Variability Change and Anthropogenic Signal Emergence in Greenland Surface Mass Balance

Tuesday, May 13, 2014 - 07:00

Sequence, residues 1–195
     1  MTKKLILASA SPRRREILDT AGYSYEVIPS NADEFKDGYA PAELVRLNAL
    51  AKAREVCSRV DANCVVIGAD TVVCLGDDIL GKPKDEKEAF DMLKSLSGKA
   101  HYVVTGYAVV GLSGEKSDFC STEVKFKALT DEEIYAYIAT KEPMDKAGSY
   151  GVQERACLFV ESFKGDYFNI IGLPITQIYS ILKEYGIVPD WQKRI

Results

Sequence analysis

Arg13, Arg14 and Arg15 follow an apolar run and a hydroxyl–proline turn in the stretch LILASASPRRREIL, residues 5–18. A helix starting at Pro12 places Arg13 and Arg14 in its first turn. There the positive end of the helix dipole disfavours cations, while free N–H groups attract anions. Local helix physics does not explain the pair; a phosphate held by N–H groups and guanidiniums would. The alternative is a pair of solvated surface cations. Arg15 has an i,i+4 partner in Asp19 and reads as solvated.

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ABSTRACT FOR ORAL PRESENTATION (PREFERABLY): The Greenland Ice Sheet (GrIS) surface mass balance (SMB, the amount of ice gained or lost by the ice sheet over a year) is expected to trend downwards drastically under anthropogenically-forced climate change. Superimposed on this long-term trend will be SMB variability which reflects snowfall and melt variability over the ice sheet. This SMB variability will have an impact on ice dynamics, ocean circulation, and sea level rise rates. For the first time, we investigated long term trends to GrIS SMB variability, using a CESM simulation from 1850 and 2100 under historical and RCP8.5 forcing. We found a large and significant GrIS SMB variability increase in response to anthropogenic forcing, and attributed this increase primarily to expansion of the high-variability ablation areas, and secondarily to increases in accumulation area and ablation area specific SMB. Additionally, we explored the role of SMB variability in regulating the ongoing emergence of an anthropogenic signature in GrIS SMB. Using a signal-to-noise approach, we found that the spatial pattern of variability, combined with the spatial pattern of GrIS SMB change, will likely result in the emergence of an anthropogenic signal in GrIS SMB with approximately the same timing in both the deep ice sheet interior and the ice sheet margins. However, the emergence signal in these two regions is of opposite sign, with interior emergence occurring due to small increases in snowfall against a background of low SMB variability, and margin emergence occurring due to large melt increases against a backdrop of high SMB variability. These findings suggest that, perhaps counterintuitively, the summit of Greenland may be an excellent location to directly monitor the effect of anthropogenic forcing on the climate system.